Along with solving problems in the free market economy, startups in Southeast Asia have also turned to new sorts of innovation with a focus on the many problems facing the region’s hospitals. This is where the first stage of Medtech came in. The next step was to streamline the process, which is where the second part of Medtech’s development came in—a desire to meet Southeast Asia’s economic development with its hospital system.
With more development and affluence came the desire and need to solve Southeast Asia’s medical system problems, such as the lack of access to services and the high cost of certain treatments.
Here is a list of the top medtech startups in Southeast Asia.
Based in Singapore, Homage originally connected caregivers to organisations that needed them. It is unique in that it cuts out the expensive middleman from the caretaking system that exists in most countries. Last year Homage raised $1.2 million. Currently, Homage not only works to link caregivers to care recipients, but also covers such fields as physiology, speech, and occupational therapy. It has also expanded its number of apps—now offering them to NGO’s (non-governmental organisations) and family members, along with patients, care agencies, and caregivers. It’s motto is Home Care You’ll Love and Trust.
Using iOT to bring healthcare global
With the tagline, Designed to help you deliver better care & better business, Klinify is a document management system that helps doctors and hospitals go digital. Started in Malaysia, Klinify claims to kill the paper document system without changing the current workflow of hospitals and doctors. In a world run by Klinify, doctors and nurses will no longer hesitate to find a patient record, administrators will never strain to find a bill, and patients will easily be able to navigate what was once a lengthy and exhausting process of forms. In addition, the document management system also sends information on orders, such as blood samples, directly to its database, and actively reaches out to support patients by reminding them of their appointments .
An Indonesian healthcare information platform, Alodokter is looking to change the healthcare industry by giving patients remote access to doctors and allowing them to handle medical services and record lookups online. Headquartered in Jakarta, Alodokter aims to combat the lack of quality information concerning medical services and healthcare providers. Its funding is led by Softbank Ventures Korea, Golden Gate Ventures, and the FangHe Group. Alodokter claims to have more than 16 million active users. It also claims, as of late 2017, that there are over 250,000 patients who interact with about 350 doctors.
A cloud-based software; Medix aids healthcare providers to facilitate clinic operations. Its aim is to make record keeping seamless. It is easy to use, collecting and storing important records to the cloud. Medix, which was launched in 2013 for dental practitioners, has investment from mClinica, a global provider of Medtech that collects data from pharmacies. Like Klinify, Medix’s system is user-friendly and is helping hospitals evolve and navigate the digital information age.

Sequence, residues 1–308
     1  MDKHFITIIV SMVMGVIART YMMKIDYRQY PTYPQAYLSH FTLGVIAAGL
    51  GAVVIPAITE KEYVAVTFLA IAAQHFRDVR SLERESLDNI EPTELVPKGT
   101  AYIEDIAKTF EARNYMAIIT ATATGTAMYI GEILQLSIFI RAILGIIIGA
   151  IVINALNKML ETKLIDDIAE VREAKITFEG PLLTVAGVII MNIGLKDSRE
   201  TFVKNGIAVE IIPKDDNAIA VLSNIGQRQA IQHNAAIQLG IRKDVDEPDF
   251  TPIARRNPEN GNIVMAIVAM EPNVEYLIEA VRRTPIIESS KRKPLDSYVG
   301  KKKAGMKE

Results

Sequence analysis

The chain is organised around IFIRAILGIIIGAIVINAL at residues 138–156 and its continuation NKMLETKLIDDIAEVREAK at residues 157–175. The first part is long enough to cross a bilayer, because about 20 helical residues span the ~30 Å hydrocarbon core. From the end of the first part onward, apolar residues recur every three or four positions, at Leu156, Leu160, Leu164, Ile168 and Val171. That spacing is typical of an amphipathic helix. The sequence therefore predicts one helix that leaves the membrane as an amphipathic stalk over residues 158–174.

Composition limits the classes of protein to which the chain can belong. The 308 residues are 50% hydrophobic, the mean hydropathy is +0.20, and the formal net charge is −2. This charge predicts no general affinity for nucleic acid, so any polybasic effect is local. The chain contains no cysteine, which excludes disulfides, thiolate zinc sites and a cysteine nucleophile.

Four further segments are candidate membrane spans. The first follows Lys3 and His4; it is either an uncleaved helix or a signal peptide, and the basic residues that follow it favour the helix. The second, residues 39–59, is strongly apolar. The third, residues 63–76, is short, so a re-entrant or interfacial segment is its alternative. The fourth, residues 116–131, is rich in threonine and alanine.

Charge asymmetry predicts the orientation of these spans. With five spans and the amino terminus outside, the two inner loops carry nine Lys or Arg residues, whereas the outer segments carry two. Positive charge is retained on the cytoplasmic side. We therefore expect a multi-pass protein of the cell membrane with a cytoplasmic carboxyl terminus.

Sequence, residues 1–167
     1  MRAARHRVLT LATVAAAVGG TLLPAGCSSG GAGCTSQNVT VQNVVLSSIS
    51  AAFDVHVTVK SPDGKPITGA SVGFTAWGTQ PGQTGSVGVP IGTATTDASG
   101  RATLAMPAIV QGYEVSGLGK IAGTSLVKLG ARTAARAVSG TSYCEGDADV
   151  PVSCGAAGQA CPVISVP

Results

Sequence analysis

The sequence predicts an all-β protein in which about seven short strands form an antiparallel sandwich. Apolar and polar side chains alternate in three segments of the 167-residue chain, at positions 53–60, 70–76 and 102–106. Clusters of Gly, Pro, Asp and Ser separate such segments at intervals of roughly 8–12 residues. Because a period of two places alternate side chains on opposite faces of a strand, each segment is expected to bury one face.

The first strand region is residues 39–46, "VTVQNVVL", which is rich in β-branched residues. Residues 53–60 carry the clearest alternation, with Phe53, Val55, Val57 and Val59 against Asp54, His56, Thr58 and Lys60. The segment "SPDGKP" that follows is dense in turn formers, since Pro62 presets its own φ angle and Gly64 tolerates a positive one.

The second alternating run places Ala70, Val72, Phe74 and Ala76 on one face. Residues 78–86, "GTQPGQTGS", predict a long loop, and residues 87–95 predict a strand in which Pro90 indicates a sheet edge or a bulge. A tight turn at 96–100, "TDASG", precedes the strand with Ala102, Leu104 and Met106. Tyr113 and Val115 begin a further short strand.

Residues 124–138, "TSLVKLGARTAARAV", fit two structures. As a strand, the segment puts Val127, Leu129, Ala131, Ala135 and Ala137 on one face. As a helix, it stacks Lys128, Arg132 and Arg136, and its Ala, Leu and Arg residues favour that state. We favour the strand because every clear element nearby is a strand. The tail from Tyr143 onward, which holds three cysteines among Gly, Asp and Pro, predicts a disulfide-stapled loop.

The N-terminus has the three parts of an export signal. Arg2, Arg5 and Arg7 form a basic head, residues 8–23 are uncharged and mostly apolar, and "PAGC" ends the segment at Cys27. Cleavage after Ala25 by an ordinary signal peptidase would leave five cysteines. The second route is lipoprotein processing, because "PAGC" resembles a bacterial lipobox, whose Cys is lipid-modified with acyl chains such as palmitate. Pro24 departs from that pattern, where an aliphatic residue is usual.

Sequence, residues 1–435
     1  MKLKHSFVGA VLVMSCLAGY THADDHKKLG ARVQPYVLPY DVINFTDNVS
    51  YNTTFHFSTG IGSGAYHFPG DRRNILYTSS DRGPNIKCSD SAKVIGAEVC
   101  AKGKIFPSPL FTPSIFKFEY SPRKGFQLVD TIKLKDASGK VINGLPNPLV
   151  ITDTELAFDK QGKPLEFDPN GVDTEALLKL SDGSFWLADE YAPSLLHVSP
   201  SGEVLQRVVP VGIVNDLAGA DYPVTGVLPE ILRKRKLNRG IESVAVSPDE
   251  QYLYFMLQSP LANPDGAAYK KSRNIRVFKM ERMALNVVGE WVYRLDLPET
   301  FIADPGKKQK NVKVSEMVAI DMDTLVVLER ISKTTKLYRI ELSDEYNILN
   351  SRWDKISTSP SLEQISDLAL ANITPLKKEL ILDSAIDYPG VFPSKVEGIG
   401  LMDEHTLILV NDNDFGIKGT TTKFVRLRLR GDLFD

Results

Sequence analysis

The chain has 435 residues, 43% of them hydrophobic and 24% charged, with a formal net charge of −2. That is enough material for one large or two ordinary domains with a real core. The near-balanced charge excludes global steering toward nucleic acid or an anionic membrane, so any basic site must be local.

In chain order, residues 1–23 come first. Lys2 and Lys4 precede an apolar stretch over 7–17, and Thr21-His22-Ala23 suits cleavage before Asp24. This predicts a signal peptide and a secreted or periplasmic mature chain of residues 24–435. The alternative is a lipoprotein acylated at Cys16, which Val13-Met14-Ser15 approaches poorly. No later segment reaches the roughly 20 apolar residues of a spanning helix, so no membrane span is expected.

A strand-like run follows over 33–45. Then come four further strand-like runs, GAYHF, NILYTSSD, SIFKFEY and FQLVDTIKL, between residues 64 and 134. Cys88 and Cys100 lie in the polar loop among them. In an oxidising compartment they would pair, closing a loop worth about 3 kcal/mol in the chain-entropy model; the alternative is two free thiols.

Need a doctor in Southeast Asia? DocDoc makes this search easy with an extensive network of doctors, compiled from thousands of hours of research. With DocDoc you are able to review more than 23,000 physicians and make an enquiry free of charge. DocDoc also guarantees value for your money when selecting a doctor, and helps you book your appointment. DocDoc is available in Indonesia, Singapore, Malaysia, Vietnam, and the Philippines. Started by an international couple, the startup has 600 clinics and 100 hospitals under its umbrella. In its latest round of funding, it raised $5.45 million USD. It may or may not play a strong role in the future of medical tourism.
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A Singapore based startup; ConneXions Asia (CXA) is an insurance and wellness marketplace. Rosaline Chow Koo founded the group in 2013—its aim is to improve employee health and mitigate healthcare costs. Prior to ConneXions, Koo led the largest employee benefits brokerage in the Asia Pacific region, expanding across 14 countries with over 400 employees. With the tech revolution, Koo saw an opportunity and created CXA, which consolidates vendors digitises claims and healthcare data and payment between employees, employers, insurers, and providers. Today, CXA is a $100 million USD company. The firm also claims to enable employees to lead healthier, happier lives.
One of the only startups on this list that is still in the seed stage of funding, Healint facilities neurological patient treatments using deep analytics and machine learning (artificial intelligence). A one-of-a-kind AI startup, its machines digest data and real-world evidence for patients looking to control mind-splitting migraines. Healint’s app, Migraine Buddy is the most popular condition-specific app in the world, receiving praise from outside its native Singapore, and extending to become a top 10 medical app in the USA and Europe.
— Tech Collective (@TechCollectiv3) July 30, 2018